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Key signature names and translations

From Wikipedia, the free encyclopedia

When a musical key or key signature is referred to in a language other than English, that language may use the usual notation used in English (namely the letters A to G, along with translations of the words sharp, flat, major and minor in that language): languages which use the English system include Irish, Welsh, Azeri[citation needed], Hindi, Japanese (based on katakana in iroha order), Korean (based on hangul in ganada order), Chinese, Thai, Indonesian, Filipino, Swahili, Esperanto.

Or it may use some different notation. Two notation systems are most commonly found besides the English system, the Fixed Do key notation and the German key notation

  1. Fixed Do key notation – used (among others) in Italian, French, Dutch (in the Dutch-speaking part of Belgium), Spanish, Portuguese, Catalan, Occitan, Breton, Basque, Russian (along with the German system), Ukrainian, Belarusian, Bulgarian, Latvian, Lithuanian (along with the English system[citation needed]), Romanian, Greek, Hebrew, Arabic, Persian, Turkish (along with the English system) and Vietnamese. Most countries (though not all, e.g. Serbia) where Fixed Do solmization is used also use the Fixed Do key notation. Instead of the letters C, D, E, F, G, A, B, seven syllables (derived from solfege) are used to refer to the seven diatonic tones of C major: Do (in French Do or Ut), Re, Mi, Fa, Sol (never So), La, Si (never Ti), with some variations and adaptations according to country, language and alphabet, followed by the accidental (natural is clearly most often omitted) and then the major/minor qualifier as needed.
  2. German key notation – used (among others) in German, Dutch (in the Netherlands, where it is used along with the English system), Danish, Swedish, Norwegian, Icelandic, Finnish, Estonian, Serbian (along with the English system), Croatian, Bosnian, Slovene, Hungarian, Polish, Czech and Slovak. The German key notation differs from the English system in two respects, namely that B is referred to by the letter H and B by the letter B by itself, and that sharp and flat designations do not use words but suffix is for sharps and suffix es (reduced to s if the tone letter is a vowel) for flats, except that (as already mentioned) in the German system the letter B by itself already means B flat. However in some places where the German system is in use one may encounter the use of B for B and Bes for B. This is especially common in the Netherlands.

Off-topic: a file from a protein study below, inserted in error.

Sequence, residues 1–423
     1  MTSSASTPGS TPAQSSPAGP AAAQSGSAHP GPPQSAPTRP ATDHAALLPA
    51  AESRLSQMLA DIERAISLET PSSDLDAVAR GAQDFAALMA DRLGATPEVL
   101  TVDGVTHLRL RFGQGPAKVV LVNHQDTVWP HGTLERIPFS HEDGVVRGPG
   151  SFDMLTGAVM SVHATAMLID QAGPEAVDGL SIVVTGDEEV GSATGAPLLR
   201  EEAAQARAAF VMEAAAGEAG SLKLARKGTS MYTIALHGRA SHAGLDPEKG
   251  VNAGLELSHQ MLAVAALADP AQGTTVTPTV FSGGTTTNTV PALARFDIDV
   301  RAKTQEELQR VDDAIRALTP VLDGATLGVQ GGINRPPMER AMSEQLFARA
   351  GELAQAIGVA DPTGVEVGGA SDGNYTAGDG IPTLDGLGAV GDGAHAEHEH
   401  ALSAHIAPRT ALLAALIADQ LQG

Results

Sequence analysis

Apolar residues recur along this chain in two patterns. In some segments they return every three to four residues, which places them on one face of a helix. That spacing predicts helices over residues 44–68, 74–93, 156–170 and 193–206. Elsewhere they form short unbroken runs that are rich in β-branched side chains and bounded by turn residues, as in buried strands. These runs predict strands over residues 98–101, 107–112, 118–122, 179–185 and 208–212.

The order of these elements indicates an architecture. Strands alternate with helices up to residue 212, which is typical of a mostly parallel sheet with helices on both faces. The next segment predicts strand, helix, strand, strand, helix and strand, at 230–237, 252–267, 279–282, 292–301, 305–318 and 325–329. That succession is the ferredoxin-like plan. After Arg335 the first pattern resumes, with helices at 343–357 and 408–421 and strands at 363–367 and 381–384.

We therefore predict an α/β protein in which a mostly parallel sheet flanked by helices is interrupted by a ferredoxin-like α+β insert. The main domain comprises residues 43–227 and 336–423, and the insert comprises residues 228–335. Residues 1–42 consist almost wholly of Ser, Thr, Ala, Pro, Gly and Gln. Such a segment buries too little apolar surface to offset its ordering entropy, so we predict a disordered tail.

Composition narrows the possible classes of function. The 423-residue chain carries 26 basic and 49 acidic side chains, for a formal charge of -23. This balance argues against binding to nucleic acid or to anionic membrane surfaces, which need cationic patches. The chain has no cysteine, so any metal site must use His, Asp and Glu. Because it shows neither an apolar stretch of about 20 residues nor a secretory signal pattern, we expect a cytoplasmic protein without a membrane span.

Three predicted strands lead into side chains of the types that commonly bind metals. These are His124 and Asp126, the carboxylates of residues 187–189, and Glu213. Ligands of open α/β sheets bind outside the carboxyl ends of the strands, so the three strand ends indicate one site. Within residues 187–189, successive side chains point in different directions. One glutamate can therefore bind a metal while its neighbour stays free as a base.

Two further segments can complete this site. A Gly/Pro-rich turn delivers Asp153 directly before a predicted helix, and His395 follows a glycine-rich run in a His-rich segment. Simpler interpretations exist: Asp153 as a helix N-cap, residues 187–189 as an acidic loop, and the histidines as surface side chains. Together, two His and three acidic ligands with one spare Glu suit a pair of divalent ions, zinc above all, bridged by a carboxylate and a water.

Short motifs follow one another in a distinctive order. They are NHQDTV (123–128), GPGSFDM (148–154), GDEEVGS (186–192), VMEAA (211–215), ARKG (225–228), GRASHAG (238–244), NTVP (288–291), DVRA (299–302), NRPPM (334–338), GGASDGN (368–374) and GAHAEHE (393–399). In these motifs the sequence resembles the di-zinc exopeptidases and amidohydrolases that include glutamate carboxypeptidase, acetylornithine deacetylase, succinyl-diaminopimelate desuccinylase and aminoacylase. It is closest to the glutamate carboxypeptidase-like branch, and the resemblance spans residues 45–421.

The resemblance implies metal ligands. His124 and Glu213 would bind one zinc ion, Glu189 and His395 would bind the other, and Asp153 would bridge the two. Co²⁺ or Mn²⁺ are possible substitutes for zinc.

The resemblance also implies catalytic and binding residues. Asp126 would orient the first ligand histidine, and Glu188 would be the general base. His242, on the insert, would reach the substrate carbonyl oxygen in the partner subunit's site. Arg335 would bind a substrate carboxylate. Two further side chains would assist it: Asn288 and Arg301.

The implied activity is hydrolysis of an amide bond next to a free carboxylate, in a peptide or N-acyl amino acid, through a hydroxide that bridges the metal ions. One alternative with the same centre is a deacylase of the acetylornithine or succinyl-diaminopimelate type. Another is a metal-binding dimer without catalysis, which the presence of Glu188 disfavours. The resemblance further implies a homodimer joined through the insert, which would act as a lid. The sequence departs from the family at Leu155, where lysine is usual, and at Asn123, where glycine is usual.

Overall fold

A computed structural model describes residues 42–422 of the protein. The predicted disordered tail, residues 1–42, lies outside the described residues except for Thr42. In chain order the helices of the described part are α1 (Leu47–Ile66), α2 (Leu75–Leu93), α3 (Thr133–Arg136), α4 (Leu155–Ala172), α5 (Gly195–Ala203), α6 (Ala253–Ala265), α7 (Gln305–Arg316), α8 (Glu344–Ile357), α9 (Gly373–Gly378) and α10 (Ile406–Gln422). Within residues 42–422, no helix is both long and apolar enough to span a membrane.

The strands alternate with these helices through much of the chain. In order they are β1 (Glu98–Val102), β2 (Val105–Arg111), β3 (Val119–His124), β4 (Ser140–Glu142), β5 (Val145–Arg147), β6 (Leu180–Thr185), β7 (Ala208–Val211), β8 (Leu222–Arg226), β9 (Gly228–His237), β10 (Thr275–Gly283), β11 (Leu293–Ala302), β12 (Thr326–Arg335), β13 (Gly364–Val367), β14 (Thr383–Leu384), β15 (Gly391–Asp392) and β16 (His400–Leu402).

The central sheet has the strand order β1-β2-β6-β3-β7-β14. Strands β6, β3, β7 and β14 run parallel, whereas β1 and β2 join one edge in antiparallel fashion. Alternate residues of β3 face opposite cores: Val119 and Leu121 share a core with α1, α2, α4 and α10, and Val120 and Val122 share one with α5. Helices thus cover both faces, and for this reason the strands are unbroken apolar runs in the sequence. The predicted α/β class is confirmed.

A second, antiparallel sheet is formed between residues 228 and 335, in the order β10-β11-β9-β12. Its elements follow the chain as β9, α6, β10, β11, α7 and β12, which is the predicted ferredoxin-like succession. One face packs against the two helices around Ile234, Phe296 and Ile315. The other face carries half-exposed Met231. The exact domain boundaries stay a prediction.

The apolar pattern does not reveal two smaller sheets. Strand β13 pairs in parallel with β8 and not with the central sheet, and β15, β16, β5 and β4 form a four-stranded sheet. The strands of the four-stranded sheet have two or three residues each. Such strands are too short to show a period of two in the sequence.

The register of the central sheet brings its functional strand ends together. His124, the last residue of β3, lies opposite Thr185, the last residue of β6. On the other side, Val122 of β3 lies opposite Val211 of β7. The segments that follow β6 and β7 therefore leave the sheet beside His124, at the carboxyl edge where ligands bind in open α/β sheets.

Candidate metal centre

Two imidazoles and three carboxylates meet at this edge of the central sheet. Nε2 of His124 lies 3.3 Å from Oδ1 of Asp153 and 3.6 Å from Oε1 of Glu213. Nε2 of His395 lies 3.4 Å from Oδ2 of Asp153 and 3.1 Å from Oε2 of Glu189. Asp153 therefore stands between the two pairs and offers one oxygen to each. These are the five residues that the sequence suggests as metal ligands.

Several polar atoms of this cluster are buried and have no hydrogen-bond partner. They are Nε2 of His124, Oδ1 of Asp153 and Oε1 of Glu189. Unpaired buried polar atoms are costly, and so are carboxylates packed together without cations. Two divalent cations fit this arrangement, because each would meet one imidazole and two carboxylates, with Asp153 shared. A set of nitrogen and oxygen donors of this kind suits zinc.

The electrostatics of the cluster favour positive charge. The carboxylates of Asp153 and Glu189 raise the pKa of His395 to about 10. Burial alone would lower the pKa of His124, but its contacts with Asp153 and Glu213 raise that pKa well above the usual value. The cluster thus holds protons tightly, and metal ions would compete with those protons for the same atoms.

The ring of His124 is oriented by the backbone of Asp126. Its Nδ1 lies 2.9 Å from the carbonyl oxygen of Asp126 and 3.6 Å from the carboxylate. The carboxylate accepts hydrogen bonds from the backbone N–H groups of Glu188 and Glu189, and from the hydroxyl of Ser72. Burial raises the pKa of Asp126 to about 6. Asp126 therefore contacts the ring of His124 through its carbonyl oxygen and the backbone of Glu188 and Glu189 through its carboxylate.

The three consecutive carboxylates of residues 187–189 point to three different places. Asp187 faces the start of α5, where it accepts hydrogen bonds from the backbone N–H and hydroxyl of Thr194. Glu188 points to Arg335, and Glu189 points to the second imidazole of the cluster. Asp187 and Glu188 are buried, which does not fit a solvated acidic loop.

There has been a tendency in some countries which historically used the Fixed Do key notation or the German key notation to switch to the English system, especially among musicians working in popular music genres or jazz[citation needed]. The only case where this can lead to some confusion is when the letter B is used: should it be understood as B (English system) or B (German system)? Another tendency has been to use the English system in writing but to read it out according to either the Fixed Do or the German system if those are the systems used locally. For example recent French scores or books may use the English system (this is especially common for chord symbols), but French users would read out that notation according to the Fixed Do system. Similarly a Dutch musician may refer to a written F orally as Fis. This article is concerned with written usage.

To form a key designation, locate the note name in the pitch translation table and add the major/minor qualifier from the lower table as needed.

Pitch translation table
alphabetic systems solmization systems
English German Dutch (Netherlands,
written)
Japanese Chinese Korean Arabic Italian French Spanish Portuguese Russian Romanian Dutch (Belgium) Greek
C flat Ces Ces 変ハ (hen-ha) 降C (jiàng-C) 내림 다 (naerim da) دو-بيمول (Do-bemol) Do bemolle Do bémol Do bemol Dó bemol До-бемоль (Do-bemol) Do bemol Do mol Ντο ύφεση (Do hyphesis)
C C C (ha) C (da) دو (Do) Do Do (Ut) Do До (Do) Do Do Ντο (Do)